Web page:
I fear I may be in the minority with my review of this story, Halfway to Someday. I like this author. Layla Dorine is known for creating great stories with riveting plots and fascinating characters and, in some ways, this novel had both those things. My heart definitely bled for both Ryker and Jesse—each deeply wounded and suffering in their own way from a traumatic incident in their lives that recently left them shell-shocked and unable to cope with being around people. The slow burn romance that developed between them was assuredly realistic and I felt progressed at just the right speed for men such as these two were with so much baggage and healing to do. I felt their chats, however brief, were paced just right—Jesse, in particular, so reluctant to share any of the past with Ryker and unable to forgive himself for allowing what happened to him to continue on for far too long. There was such a deep sense of desperation and naivete in Jesse that I just wanted to wrap him up and keep him safe much like Ryker did.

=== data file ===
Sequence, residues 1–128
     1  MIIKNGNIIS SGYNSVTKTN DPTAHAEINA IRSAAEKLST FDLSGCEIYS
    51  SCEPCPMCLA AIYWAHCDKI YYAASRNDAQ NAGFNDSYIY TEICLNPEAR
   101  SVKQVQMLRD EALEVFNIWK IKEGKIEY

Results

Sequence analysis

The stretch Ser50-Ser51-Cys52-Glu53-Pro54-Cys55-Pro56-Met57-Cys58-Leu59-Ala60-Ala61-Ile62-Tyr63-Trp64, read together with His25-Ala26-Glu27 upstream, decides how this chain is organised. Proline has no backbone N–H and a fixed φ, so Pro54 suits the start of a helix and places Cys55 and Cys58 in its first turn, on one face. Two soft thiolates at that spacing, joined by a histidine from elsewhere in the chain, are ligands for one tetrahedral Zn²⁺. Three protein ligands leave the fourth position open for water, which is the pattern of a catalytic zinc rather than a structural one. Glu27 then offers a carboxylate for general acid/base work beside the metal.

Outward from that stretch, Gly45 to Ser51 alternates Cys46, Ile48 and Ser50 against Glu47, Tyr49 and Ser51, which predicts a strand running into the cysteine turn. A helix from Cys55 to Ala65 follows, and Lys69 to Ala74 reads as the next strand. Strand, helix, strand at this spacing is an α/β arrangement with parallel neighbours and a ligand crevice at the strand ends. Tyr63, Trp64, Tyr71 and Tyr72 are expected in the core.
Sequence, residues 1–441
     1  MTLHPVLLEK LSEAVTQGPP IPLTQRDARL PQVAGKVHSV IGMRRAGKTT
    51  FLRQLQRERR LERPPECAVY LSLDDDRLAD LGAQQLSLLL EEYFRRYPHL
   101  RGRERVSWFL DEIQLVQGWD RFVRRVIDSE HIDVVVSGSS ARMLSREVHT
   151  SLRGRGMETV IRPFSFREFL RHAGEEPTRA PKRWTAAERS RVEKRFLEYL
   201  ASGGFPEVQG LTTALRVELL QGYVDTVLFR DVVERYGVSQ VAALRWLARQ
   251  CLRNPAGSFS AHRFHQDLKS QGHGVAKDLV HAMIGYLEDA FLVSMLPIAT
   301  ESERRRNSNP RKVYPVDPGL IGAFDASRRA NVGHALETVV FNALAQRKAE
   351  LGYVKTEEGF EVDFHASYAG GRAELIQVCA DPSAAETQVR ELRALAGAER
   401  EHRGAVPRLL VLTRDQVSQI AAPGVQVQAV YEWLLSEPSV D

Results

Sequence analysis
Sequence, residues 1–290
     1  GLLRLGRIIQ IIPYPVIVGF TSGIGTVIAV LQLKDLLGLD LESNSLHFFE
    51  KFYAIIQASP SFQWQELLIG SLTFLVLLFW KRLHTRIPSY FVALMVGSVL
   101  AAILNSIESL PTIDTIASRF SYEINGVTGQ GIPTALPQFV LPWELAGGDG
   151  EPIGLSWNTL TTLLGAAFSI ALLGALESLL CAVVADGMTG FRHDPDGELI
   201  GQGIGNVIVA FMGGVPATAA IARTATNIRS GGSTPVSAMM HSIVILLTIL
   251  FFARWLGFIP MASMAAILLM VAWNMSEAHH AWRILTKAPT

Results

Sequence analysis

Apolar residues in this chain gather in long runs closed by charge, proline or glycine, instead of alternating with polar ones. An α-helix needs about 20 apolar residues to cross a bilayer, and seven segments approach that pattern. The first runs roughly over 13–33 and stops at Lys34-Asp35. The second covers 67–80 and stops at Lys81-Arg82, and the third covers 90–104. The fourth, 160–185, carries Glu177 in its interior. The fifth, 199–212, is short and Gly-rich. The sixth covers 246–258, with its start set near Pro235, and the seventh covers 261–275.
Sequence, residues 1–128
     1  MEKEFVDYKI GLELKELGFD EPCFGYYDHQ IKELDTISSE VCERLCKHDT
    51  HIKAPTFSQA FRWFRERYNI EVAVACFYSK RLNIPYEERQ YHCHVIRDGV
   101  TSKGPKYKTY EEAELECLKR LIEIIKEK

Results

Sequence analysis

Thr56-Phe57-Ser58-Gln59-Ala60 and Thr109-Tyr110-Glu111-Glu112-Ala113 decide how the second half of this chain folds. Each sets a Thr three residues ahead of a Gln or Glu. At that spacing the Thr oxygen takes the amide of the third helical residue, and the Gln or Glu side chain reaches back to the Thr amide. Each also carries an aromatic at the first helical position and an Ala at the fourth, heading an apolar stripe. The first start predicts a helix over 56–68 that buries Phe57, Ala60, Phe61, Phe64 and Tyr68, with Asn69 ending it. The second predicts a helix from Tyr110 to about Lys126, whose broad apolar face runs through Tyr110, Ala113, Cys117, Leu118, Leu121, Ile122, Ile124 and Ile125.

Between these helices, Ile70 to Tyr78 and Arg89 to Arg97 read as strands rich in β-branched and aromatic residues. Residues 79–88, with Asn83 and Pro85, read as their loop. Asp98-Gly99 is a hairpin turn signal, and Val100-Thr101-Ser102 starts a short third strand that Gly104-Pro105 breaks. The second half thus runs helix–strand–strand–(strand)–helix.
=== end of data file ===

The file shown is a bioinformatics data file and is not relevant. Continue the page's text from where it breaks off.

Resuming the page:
So yes, this story definitely had some very fine moments but I felt they were too often repeated—too labored over—and it concerned me greatly that neither Jesse nor Ryker sought out counseling after getting off that mountain. More than half this story could have been made that much more plausible if just once the main characters had tried to get help with their trauma. When you couple that glaring problem with the way in which the threat to Jesse was tacked on in the last chapters after having been so well played earlier in the novel you definitely had a situation that could have perhaps been solved with a little less personal angst on Ryker and Jesse’s part and a bit more plot detailing.